Many thanks to DNA expert and LostCousins member Debbie Kennett for sharing this information via (where else?) Twitter.


DNA discounts continue

Family Finder tests from Family Tree DNA are still discounted to an unprecedented $69, and the closing date for the Summer Sale still hasn't been announced - follow this link to ensure that you support LostCousins (and also see my article from the last newsletter for more information).


One member tells me that she has ordered 9 tests in the sale - remember that by persuading cousins to test we can not only find more matches, but also learn more about the matches we've already made.


Ancestry DNA are having a sale in the UK - until Thursday 18th August the price has been slashed from £79 to £59, though with shipping it still works out more expensive than Family Tree DNA's offer (plus you need to be an Ancestry subscriber to view the trees of your matches - there are no subscriptions at FTDNA). Nevertheless, the fact that more people have tested with Ancestry could sway your decision - if you do decide to test with Ancestry you can support LostCousins by using this link.


Remember that whichever company you test with, you can upload your results to the mostly free GEDmatch site to connect with cousins who have tested with a different company.


IMPORTANT: please remember to indicate on your My Details page at LostCousins whether or not you have taken an autosomal DNA test - this will not only help the cousins you've been matched with come up with the best testing strategy, it will encourage them to share their results with you.


Of the nearly 2000 members who have completed this question so far 40.7% have answered Yes, 45.9% have said No, and the remainder are considering testing.


Mum reunites with daughter after nearly 50 years

The ITV programme Long Lost Family recently broadcast the story of Susan Webb (nee Galsworthy), who had to give up her illegitimate daughter just 6 months after her birth in 1967. Their researchers managed to track down Samantha, who after adoption was known as Donna, and when they met up again after 48 years apart it was an emotional occasion. There a number of newspaper reports online, but this one from Susan's local newspaper is particularly good - and if you're in the UK you can watch the programme by following this link (it will be available until the end of August).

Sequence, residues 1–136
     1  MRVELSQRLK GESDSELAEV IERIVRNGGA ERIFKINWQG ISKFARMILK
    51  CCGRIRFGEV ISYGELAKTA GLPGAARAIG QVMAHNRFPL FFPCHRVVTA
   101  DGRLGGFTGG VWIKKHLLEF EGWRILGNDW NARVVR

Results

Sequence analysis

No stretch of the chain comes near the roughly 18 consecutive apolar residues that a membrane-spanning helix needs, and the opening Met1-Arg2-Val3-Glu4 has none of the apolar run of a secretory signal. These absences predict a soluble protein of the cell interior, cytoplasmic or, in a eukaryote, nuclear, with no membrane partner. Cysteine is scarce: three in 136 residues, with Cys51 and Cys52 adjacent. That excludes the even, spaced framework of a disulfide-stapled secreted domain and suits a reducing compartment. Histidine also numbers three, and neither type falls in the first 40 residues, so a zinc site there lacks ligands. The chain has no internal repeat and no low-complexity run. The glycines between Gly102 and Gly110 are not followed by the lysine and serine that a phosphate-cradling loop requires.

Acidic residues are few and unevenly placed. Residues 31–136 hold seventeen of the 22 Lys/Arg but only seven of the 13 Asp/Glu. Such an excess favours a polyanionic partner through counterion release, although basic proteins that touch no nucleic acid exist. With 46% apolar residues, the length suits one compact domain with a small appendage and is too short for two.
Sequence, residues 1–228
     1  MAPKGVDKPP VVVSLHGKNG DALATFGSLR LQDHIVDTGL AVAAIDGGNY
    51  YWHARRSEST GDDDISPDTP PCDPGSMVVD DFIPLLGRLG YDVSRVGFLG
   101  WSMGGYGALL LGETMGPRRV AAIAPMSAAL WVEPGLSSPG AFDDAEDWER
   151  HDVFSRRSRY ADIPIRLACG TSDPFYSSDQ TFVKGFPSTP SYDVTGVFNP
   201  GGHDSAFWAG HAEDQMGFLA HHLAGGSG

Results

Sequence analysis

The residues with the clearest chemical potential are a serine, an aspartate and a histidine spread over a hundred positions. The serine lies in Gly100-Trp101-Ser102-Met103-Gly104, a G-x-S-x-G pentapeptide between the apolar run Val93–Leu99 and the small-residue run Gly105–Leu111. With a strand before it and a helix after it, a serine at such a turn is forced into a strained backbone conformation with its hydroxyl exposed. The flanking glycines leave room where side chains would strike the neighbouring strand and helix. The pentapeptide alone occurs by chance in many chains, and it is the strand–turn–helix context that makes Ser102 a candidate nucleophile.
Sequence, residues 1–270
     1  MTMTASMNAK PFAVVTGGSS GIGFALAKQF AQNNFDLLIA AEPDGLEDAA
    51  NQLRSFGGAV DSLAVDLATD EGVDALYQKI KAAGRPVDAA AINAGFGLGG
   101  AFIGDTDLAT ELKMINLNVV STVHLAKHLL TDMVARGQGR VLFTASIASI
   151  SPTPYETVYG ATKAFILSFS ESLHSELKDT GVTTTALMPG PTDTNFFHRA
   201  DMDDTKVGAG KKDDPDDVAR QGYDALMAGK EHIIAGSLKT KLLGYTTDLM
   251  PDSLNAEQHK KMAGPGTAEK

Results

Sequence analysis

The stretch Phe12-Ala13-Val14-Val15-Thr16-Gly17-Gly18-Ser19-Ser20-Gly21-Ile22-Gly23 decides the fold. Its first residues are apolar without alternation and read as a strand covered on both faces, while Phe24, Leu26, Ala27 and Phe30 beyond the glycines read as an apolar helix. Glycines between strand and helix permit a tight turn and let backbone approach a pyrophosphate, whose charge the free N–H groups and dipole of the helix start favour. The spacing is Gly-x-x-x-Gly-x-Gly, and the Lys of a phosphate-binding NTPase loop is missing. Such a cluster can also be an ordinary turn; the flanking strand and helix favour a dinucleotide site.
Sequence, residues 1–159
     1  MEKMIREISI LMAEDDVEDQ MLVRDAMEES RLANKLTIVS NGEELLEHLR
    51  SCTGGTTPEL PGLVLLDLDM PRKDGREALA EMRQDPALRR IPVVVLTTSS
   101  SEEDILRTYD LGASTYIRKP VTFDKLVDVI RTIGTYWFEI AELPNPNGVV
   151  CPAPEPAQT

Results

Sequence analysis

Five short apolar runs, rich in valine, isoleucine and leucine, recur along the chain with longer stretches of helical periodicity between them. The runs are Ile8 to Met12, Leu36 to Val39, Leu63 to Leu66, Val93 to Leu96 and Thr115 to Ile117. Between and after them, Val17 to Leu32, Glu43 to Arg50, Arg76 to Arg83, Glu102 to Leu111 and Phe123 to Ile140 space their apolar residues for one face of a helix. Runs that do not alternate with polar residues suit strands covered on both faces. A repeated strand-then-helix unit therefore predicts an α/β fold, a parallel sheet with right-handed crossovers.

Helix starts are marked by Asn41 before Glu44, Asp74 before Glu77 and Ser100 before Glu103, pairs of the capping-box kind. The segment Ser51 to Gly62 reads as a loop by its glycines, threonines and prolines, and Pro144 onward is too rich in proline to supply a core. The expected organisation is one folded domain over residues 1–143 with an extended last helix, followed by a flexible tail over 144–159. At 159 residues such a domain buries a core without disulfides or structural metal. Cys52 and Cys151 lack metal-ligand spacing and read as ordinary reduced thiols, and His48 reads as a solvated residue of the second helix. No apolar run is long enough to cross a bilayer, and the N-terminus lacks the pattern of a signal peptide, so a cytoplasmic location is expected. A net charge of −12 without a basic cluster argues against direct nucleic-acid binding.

Sticks and stones

As a child I used to chant "Sticks and stones may break my bones, but words will never hurt me" when someone said something unpleasant - I expect some of you did too. So I was a little surprised, though only a little, to receive an email complaining about my use of the word 'bastard' in its literal sense in the last newsletter (when writing about the 5 illegitimate children of King Charles II and Barbara Palmer - who the diarist John Evelyn described as "the curse of the nation").


Is the word really shocking to genealogists? I don't suppose there's anyone reading this who doesn't have some illegitimate ancestors - I can think of at least 3 in my tree - so most of us will have encountered Bastardy Bonds, which recorded the sums that the alleged fathers of illegitimate children were bound to pay towards their welfare. And, of course, the word appears frequently in baptism registers (and you'll even find it in the King James Bible). We can't avoid the word, so let's use it as it should be used - if a word is only ever used as an expletive the original meaning can eventually be lost, as in the case of 'blimey', which began as the blasphemous oath "God blind me" (other terms with a similar derivation include 'zounds' and 'strewth').


This year there have been numerous instances of people being overheard saying things when they thought nobody was listening, but it's nothing new - I always think back to the late Richard Dimbleby, who was much criticised after he commented "Jesus wept" when technical problems occurred during coverage of the Queen's visit to Berlin in 1965 - you can read the BBC's apology on page 14 of The Times of 28th May 1965.


Peter's Tips

Talking of Richard Dimbleby, who sadly died at 52 just a few months after that incident, reminds me that I have a collection of tapes recorded from the wireless on Coronation Day in 1953 - which I acquired when I bought an old tape recorder at auction many years ago. Disappointly that Grundig tape recorder didn't work, despite much pleading, but I hope to hear the tapes shortly on a similarly ancient - but working - Philips tape recorder that my brother has lent me.